Chesnais is French and an economist in a Marxist tradition that focuses on finance and begins with Rudolf Hilferding's 1910 book, Finance Capital. Chesnais's new work, Finance Capital Today: Corporations and Banks in the Lasting Global Slump, is very readable, and explains a number of complicated financial practices and instruments (CDO, CDS, CDOS, and the like) with surprising clarity. These practices (speculation) and instruments (derivatives) crashed the world economy in 2008, survived, and are now, to borrow an image from Jean Baudrillard's essay "Transeconomics," orbiting the Earth again. Derivatives form a part of a system of paper that Marxists call fictitious capital. This system includes government bonds, shares, securities, and so on. Many of us have never encountered fictitious capital of any kind, but they really do rule our world.


Interestingly enough, one of the best chapters in the book is not about finance, but its compliment: globalization (Chapter 6: "The Operational Modes of TNCs in the 2000s"). There are a number of powerful insights in this chapter, one of which concerns "non-equity modes." Again, those who support globalization claim that it sends money from places that have too much of it to areas of the world that desperately need it. This is called foreign direct investment (FDI). It's a win-win, the advocates say. But Chesnais points out that transnational corporations are less and less investing in developing economies (FDI), and more and more making them pay for the research, production, and even design of their products (non-equity). This means all they are really doing is promoting (branding) products in Western markets.

Chesnais writes:

This is the case in electronics where major TNCs include Dell, Hewlett Packard and Apple. This growth is ‘driven by a number of key advantages for TNCs: (1) the relatively low upfront capital expenditures required and the limited working capital needed for operation ["non-equaity modes"]; (2) reduced risk exposure; (3) flexibility in adapting to changes in the business cycle and in demand; and (4) as a basis for externalising non-core activities that can often be carried out at lower cost by other operators’. To Marxists, these ‘advantages’ have a familiar ring. The first is recognisable as one of the factors counteracting the tendency for the rate of profit to fall... The second and third concern the shifting of risk onto subcontractors and component suppliers and the fourth is just a way of saying that the principal firm is using ‘other operators’ to increase absolute surplus value that it will appropriate.
Do not be surprised if you notice a structural similarity between "non-equity modes" and Uber. With the former, the Global South becomes something like the latter in the sense of a "consumption fund" (the investments and goods owned and made by a household).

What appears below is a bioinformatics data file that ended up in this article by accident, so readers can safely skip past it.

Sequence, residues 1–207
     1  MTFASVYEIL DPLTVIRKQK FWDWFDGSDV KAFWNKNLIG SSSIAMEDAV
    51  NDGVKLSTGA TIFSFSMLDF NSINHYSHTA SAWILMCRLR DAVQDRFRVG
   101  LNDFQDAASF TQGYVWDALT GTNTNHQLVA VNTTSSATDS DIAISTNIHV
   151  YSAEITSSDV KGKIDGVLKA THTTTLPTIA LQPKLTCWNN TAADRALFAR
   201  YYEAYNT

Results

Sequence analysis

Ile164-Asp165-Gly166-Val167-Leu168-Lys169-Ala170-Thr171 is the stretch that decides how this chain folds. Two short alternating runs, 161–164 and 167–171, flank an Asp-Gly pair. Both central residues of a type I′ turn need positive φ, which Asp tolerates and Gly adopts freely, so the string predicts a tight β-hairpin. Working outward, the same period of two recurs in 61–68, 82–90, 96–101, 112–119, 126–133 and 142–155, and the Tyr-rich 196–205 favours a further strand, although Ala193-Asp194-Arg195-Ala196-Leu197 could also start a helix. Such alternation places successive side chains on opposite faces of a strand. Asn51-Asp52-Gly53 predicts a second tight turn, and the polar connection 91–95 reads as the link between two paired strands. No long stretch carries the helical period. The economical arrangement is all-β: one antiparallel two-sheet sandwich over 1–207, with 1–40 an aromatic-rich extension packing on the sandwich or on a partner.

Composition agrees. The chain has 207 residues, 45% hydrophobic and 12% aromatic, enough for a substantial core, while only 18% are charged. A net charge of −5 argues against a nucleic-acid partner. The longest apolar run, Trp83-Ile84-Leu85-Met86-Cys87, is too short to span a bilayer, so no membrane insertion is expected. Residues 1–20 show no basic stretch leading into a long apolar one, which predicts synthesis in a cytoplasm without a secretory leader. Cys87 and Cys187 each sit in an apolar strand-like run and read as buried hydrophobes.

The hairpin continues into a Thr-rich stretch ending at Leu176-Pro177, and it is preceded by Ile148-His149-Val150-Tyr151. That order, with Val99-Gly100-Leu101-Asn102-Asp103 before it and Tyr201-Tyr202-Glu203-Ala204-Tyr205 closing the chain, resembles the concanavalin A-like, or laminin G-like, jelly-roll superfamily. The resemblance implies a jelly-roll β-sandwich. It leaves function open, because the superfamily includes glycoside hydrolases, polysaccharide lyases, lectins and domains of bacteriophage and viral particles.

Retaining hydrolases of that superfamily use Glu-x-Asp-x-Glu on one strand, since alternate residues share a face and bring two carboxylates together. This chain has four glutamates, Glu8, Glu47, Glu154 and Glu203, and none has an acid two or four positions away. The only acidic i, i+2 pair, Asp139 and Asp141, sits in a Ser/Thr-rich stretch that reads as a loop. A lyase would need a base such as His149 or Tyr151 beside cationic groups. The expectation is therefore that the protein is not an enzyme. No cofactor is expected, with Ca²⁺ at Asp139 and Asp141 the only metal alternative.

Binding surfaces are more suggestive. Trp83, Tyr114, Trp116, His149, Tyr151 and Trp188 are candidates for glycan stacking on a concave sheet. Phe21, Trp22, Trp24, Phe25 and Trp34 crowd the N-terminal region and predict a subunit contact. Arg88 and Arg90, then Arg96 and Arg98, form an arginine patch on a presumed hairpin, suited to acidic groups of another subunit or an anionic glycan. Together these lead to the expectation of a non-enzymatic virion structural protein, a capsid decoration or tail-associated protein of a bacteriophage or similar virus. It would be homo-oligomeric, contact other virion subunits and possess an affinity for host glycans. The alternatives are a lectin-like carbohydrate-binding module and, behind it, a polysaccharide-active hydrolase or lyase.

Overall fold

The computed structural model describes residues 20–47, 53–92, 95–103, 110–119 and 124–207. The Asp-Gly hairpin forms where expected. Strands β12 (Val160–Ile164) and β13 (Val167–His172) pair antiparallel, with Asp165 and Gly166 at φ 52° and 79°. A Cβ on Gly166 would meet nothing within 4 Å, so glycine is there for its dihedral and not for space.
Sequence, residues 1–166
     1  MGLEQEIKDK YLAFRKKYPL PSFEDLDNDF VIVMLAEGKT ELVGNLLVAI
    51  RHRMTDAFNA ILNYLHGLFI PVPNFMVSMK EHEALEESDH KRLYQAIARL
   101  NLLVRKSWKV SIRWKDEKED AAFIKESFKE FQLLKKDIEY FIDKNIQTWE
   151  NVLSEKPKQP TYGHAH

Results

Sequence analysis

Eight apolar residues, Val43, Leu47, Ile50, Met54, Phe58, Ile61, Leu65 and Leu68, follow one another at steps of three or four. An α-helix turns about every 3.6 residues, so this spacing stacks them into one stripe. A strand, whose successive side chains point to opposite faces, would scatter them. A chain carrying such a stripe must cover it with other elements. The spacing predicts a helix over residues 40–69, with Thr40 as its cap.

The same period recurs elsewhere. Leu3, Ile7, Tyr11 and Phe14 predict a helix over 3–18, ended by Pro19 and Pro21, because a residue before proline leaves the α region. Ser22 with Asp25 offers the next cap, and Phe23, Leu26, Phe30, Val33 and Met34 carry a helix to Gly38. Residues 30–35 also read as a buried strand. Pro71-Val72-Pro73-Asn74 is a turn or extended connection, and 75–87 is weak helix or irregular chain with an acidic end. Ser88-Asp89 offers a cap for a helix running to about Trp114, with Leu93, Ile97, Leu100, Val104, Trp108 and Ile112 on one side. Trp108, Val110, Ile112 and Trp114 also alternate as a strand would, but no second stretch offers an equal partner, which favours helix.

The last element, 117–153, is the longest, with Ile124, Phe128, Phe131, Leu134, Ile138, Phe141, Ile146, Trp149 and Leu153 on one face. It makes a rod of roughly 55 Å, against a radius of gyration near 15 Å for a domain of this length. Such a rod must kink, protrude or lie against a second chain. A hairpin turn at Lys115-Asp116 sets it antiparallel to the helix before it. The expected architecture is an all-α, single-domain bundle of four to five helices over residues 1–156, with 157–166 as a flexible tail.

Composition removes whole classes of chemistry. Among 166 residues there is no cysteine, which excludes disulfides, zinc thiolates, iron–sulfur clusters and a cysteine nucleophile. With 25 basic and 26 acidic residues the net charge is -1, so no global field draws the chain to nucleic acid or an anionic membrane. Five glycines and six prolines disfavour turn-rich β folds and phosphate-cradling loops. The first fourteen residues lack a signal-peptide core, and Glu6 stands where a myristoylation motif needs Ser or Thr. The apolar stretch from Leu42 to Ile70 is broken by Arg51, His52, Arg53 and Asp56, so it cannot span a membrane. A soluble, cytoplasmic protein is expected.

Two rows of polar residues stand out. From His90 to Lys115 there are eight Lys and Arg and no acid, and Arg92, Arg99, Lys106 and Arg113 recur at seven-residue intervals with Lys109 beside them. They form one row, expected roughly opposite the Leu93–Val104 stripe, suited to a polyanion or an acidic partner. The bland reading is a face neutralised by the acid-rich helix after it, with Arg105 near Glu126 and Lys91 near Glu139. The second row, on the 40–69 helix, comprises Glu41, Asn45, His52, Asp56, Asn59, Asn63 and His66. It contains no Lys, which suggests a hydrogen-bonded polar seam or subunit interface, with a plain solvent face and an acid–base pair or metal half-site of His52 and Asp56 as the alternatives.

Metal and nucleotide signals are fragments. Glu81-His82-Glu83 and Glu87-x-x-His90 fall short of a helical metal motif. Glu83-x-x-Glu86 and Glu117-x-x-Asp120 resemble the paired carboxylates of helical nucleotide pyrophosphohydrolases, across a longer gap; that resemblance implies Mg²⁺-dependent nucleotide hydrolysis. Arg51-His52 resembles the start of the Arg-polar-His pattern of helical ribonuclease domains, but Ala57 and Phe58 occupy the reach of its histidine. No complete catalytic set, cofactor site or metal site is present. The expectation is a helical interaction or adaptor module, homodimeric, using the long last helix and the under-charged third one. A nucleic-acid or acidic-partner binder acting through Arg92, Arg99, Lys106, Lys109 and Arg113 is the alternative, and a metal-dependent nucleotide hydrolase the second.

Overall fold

What this also means: People in developing countries are often not making things they need or suitable for their economy or climate, but making huge investments for the production of things that Americans consume. And if consumer tastes in the West change, the Global South pays the price, not Apple or Dell or other TNCs.

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And so, with the madness of ecological destruction by the movement of cheap goods on massive cargo ships (the subject of Crumpler's recent paintings and also drawings), we have the raw exploitation of the working and middle classes in the Global South. It gets worse. On one side of the world, you have US corporations transferring R&D and plant investments to poor countries with often weak environmental regulations; and on the other side, you have US corporations not investing in the US but using the profits from cheap products to buy back stock. (A company buys its own stock to increase its value—Nick Hanauer makes the matter plain in his Atlantic essay "Stock Buybacks Are Killing the American Economy.") This transfers surplus value extracted from the Global South and the US service sector directly to the owners of fictitious capital.

Chesnais:

[The economist William] Lazonick [in] 2014 calculates that between 2003 and 2012, the S&P 500 used 54 percent of their earnings to buy back their own stock, while dividends absorbed another 37 percent. He names these strategies ‘stock market manipulation.’

When you look at Crumpler's grim paintings, it's great to have these grim facts in mind; and if you read Chesnais's book, I recommend you begin with the "Conclusion," chapter 11, first. The fireworks are in that section. The rest of the book coolly considers the collapse that's happening right before our eyes.